22. The Complainant gave evidence that late additions to the contract required DEL to make an application for an extension of time under the contract. He states that it was unfairly refused. As a result, he considered that DEL had “no voice” under the contract.

23. In addition, he stated that, as the project neared completion, the Respondent asked to store his furniture in the property so he could avoid storage fees. Whilst the Complainant stated that this would constitute some beneficial use of the property, he agreed to the proposal but on the condition that the Respondent would issue a Practical Completion Certificate, to which the Respondent agreed. However, the Respondent issued a non-completion certificate as a result of which, the Complainant raised health and safety concerns as access to the property was being restricted. He also raised concerns about the respondent’s failure to issue the Practical Completion Certificate. As a result, the respondent sought to terminate the contract which the Complainant states was done unfairly. 24. The Complainant also relies on an email dated 16 July 2012 confirming that he had agreed with the Respondent that a surveyor would be appointed to adjudicate on the dispute. However, he alleges that the Respondent simply took advice from a building surveyor over dinner with a set of questions, produced unilaterally.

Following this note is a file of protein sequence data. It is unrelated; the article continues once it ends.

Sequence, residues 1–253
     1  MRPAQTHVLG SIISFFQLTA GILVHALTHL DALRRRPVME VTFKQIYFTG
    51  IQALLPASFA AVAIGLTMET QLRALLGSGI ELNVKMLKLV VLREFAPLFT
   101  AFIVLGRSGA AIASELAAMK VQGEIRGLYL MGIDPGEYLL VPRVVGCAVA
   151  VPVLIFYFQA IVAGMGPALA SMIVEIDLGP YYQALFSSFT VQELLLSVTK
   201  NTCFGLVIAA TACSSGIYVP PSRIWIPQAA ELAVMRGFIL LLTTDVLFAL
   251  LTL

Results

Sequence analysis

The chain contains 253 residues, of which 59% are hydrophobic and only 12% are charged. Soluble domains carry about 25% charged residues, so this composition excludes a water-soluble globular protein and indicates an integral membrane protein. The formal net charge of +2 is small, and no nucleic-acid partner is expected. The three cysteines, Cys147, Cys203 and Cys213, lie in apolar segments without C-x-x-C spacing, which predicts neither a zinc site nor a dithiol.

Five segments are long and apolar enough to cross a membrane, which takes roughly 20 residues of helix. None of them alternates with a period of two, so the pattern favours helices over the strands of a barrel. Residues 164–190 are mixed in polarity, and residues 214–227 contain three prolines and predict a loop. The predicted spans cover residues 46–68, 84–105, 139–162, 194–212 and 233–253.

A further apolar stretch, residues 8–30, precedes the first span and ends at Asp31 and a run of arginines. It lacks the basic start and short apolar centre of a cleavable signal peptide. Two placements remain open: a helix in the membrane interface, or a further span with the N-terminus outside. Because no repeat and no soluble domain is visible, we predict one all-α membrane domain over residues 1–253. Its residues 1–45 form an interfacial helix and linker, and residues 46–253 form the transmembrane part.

25. The Respondent in his written representations states that the Complainant was always aware of his position as client, Architect and contract administrator from the outset. He states that the contract was terminated due to delay in completion of the building works and that he refused the application for an extension of time to complete the works as it was unwarranted. In any event, he states that the contract allowed for a two month delay without penalty which, he asserts, demonstrates his impartiality.

26. So far as the completion certificate is concerned, the Respondent states that the offer was made on the condition that DEL completed specified works within three weeks which was not done. He states that consultations with a Chartered Surveyor and a health and safety consultant and his son who was also an architect, further demonstrates his impartiality.